Special from Cord International: Student politics from abroad
Elections at the University of Ghana don’t take place until next semester, but student politician Horlali Haligah has already begun to campaign. Of course, this is all unofficial. Authorized campaigning only lasts for two weeks before the election period.
“I have a group on WhatsApp, a very large group on WhatsApp. Almost every day I sent out a message. Besides that, I have a group on Facebook. So any development on campus, I update that,” said Haligah, who is currently the chairman of the intelligence and student affairs committee for the university’s Students’ Representative Council (SRC).
According to SRC General Assembly speaker Kofi Kofituo, early planning is just part of the game for students who want positions on the SRC.
“As it stands now, you will have that election next semester, but people will start campaigning from today,” Kofituo explained.
“You start selling your name beforehand.”
With a student populace as diverse and large as that which exists at UG, strategically selecting a campaign team can make or break an election. Religious affiliation, tribal background, residence hall and program may all be up for consideration, on top of political issues.
“There are certain factions that you need to cut across,” said Kofituo. “You need to cut across and pick a running mate who will be from a perceived opposite tribal allegation, something of that sort. Department also works. Campus has so many divisions.”
Some students believe that voting along ethnic or religious lines — something that can also be seen at the national level — is gradually fading away, at least at the campus level.
“If you are to vote in this country and people are to vote for their own, they will not amount for two per cent of the whole of this country,” said Mohammed Mikdad, a student and SRC representative.
“Formerly, it was very entrenched, now it is no more. It is going away.”
SRC general secretary Sandra Ewool, however, countered that there are still issues to be worked out.
“I can say with authority that the four executives [from last year] were from a particular religious group,” she asserted. “It is only this year that there has been some form of diversity.”
Knocking on doors in residence halls and doing presentations before lectures are part of bridging the gap between campaigners and the different groups they hope to represent. Debates are also held and are widely attended, according to student leaders.
For Haligah, making sure that their campaign team is well-coordinated and can get issues out to key groups on campus is an important part of reaching across campus divides.
“They try to make sure that every part of campus is involved in the political campus, because in politics, even a vote will make it,” he said.
So how much does basic popularity factor in? According to Kofituo, not that much.
“People do the popularity stuff, but I think students now are much more discerning as compared to former years on campus,” he said.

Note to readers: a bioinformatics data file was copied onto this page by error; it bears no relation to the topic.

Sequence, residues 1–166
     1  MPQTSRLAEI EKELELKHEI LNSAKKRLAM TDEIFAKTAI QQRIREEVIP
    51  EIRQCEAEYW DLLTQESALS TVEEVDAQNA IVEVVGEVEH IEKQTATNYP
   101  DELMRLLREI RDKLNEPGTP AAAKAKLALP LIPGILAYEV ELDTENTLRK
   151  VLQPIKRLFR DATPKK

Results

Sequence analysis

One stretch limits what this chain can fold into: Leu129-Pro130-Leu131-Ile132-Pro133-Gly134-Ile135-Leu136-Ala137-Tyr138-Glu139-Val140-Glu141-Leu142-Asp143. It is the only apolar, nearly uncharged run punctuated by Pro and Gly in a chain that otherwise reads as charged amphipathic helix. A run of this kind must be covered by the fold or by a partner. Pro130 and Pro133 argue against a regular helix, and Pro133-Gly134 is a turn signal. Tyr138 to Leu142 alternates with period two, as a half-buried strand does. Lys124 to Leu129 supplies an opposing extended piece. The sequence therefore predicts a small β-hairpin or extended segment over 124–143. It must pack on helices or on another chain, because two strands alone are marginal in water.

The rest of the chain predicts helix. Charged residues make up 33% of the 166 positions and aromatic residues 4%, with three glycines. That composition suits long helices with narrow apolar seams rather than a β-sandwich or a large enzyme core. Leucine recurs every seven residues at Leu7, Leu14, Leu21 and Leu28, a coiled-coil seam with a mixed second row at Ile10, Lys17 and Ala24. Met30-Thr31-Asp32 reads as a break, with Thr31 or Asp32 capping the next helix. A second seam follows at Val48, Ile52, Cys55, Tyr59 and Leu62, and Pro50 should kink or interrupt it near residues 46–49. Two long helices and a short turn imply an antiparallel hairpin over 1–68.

Bernard Arthur, however, a master’s student who plans to run for Graduate Student President, admitted that it does factor into voting decisions.
“Some of the component that comes into play is the station of the person and how presentable the person is, how the person can talk when he meets authorities, we look at all those things.”
While student leaders are highly engaged, they wouldn’t necessarily say the same about the students they represent.
“With a student population of over 30,000 and then getting 13,000 to come and vote, I think the apathy level here is very high,” commented Ewool.
Disillusionment, she believes, is a huge impediment to voting.
“Sometimes, when they vote leaders into power, they see nothing being done about their plight, about their problems,” she continued.
James Anning, who is entering his level 400s at the University of Ghana, believes that the hall a student lives in on campus and their family background help define their choice to vote or not.
“It has to do with the religious and then the social background — the relationship with other people. Students can influence others to make them vote or not,” he said. Although voter turnout in last year’s national elections was approximately 80 per cent, Ewool believes that issues of apathy and cynicism exist at the national level as well.
“What happens on campus is the exact replica of what happens at the national level,” she argued. “People hardly go out to vote, even during the national election, because they also have the notion that politicians come, they give them power, but at the end of the day they come out and embezzle their funds.”
Kofituo agreed, adding that certain groups don’t believe politicians can have an impact on their day-to-day life.
“I think the elite community come to believe that you are a leader, you don’t have any kind of effect on his life, what he gets to eat or what he does. They normally don’t see elections as any kind of deciding factor in their personal life,” he said.
Pushing past the numbers, though, student leaders believe they are on their way to making a difference.
According to Kofituo, there’s been an evolution in how student activism is perceived on campus.
“You can be the smallest student, but when you bring out the best of ideas, and they see that, yes, you are more experienced. Students now believe in someone who has been more exposed to the SRC stuff and not someone who can make much noise,” he said.
Mikdad continued, “You must have a certain passion for the work you do and that we don’t come simply because there is a vacuum in the field.”
“The student movement in Ghana is much alive,” he concluded.